I am a ‘yellow sticker’ person. In supermarkets, yellow stickers are used to mark a product at a reduced price. The eye-catching yellow sticker is securely glued onto the packaging. The product now stands out on the shelf.
In nature, yellow signals warning or caution. Is there something wrong with it? Is it damaged? Is it out of date? Is it worth investing in?
Does it really have the same value as ‘unstickered’ products? The reality is that there is something different about it – it may have damaged packaging, no box or be nearly out of date, so may not last long. However, before the sticker was applied, it was once ‘perfect’, valuable and attractive, and could be bought without hesitation or concern.
Twenty years ago, I was like all the other products on the shelf: ordinary, unassuming and unobtrusive. I was accepted by my community and lived in blissful inconspicuousness. Then my world changed. Following a serious illness, my marriage broke down, and I was left to raise our three children. I felt abandoned, vulnerable and lonely, as if my hopes for the future I had imagined had died. I had no box, my contents were delicate and my lustre had faded almost completely. Surviving this, alongside the painful and prolonged aftermath, wreaked further damage to my fragile contents.
Overnight, people’s reactions to me changed. I felt a wave of rejection, a tangible sense of being visible and judged as damaged goods. I had been gifted, by members of the community, a yellow sticker.
Was I the same woman? Was I still ‘good enough’, valuable and attractive? I had the same children, I was the same person, I had the same values but, confusingly, people treated me with caution.
I desperately wanted to resurrect hope and opportunity for my family. Therapy offered me a place to explore my sense of being stuck. I had attempted to remove the yellow sticker on my own, but it was clear that removing the glue from my psyche was a huge challenge and I would need help.
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I started therapy, and my exhilarating journey of increased self-awareness and self-acceptance began. I realised that it was the feelings that arose from the rejection by my community that had shattered my sense of self. As a result, I became triggered when I heard bigoted comments or witnessed people being disrespected or treated unfairly. I imagine that anyone who is rejected from their community for being different may feel the same. My therapist asked if my lack of trust and emotional turbulence might be related to a deeper need to belong. It was.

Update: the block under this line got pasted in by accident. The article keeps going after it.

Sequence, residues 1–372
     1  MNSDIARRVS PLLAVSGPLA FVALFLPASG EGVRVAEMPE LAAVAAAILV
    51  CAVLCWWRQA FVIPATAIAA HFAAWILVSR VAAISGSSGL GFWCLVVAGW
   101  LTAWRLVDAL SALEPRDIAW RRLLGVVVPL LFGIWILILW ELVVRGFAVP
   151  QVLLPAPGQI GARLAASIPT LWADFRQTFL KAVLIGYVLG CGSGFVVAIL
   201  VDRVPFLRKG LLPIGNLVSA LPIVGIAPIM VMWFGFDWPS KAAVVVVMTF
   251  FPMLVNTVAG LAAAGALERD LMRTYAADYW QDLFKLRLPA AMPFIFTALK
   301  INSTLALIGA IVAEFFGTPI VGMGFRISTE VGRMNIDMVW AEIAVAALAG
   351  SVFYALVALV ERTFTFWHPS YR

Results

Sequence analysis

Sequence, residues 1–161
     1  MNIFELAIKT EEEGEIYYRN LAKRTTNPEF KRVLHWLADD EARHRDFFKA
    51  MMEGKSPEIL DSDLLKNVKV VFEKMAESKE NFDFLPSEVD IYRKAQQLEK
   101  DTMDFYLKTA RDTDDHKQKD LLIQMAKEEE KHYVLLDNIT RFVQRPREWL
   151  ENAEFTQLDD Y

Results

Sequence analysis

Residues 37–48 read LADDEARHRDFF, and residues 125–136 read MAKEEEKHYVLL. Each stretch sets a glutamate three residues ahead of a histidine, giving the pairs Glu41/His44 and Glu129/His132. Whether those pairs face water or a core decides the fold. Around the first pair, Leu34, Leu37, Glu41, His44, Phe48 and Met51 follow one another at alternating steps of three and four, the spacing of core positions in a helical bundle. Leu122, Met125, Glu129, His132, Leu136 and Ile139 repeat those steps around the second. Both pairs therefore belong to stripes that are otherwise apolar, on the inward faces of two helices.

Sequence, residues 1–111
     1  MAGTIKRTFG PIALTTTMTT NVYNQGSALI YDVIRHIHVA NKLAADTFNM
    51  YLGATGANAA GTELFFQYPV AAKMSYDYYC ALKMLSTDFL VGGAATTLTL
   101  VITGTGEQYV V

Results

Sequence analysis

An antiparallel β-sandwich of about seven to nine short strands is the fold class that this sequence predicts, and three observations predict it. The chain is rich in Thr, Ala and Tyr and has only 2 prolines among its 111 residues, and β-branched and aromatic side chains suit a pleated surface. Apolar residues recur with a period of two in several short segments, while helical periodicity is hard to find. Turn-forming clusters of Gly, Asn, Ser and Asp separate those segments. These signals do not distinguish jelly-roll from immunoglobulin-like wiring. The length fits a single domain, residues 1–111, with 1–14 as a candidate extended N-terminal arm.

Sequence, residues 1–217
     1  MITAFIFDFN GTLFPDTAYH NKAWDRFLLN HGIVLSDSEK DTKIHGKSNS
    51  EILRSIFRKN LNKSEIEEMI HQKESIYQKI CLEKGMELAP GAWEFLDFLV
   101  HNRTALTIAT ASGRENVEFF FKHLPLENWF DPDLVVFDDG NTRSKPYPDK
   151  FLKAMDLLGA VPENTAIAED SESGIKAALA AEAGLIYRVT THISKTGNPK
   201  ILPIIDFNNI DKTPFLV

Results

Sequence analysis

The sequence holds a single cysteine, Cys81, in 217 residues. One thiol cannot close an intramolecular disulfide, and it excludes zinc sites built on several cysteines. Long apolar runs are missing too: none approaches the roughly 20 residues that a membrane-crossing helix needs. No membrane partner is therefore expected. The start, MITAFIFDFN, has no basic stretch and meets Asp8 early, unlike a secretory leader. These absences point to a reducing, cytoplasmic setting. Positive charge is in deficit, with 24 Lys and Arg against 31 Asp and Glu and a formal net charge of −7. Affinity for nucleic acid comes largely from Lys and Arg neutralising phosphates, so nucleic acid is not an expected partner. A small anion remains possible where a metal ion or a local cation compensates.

It has been through the therapeutic work with my counsellor that I discovered the ‘yellow sticker’ phenomenon. I realised that my psychological responses to past experiences were preventing me from living the life I had always hoped for.
Through therapy, I have systematically removed the sticky residue that my experiences left me with. I was able to replace the feelings of rejection with self-acceptance, and an increased connection and reliance on my internal locus of evaluation to once again feel grounded. I have been able to process my pain and reframe my existence.
The trust that developed in the relationship with my therapist fuelled new ways of thinking, increased my insight and boosted my courage and confidence. I was able to understand myself better and make some sense of my unrest. It is a human need to belong; it is fundamental and underpins our sense of happiness and wellbeing. I understood that I was the same person after my husband left as I was before. We all deserve to be treated with decency and acceptance and are entitled to a sense of belonging.
I am training to be a counsellor now, and believe that, with therapy, it is possible for anyone to make changes in their life and adapt to life’s challenges. There is life beyond the yellow sticker. I hope to be able to help others peel it off so cleanly that it’s as if it were never there.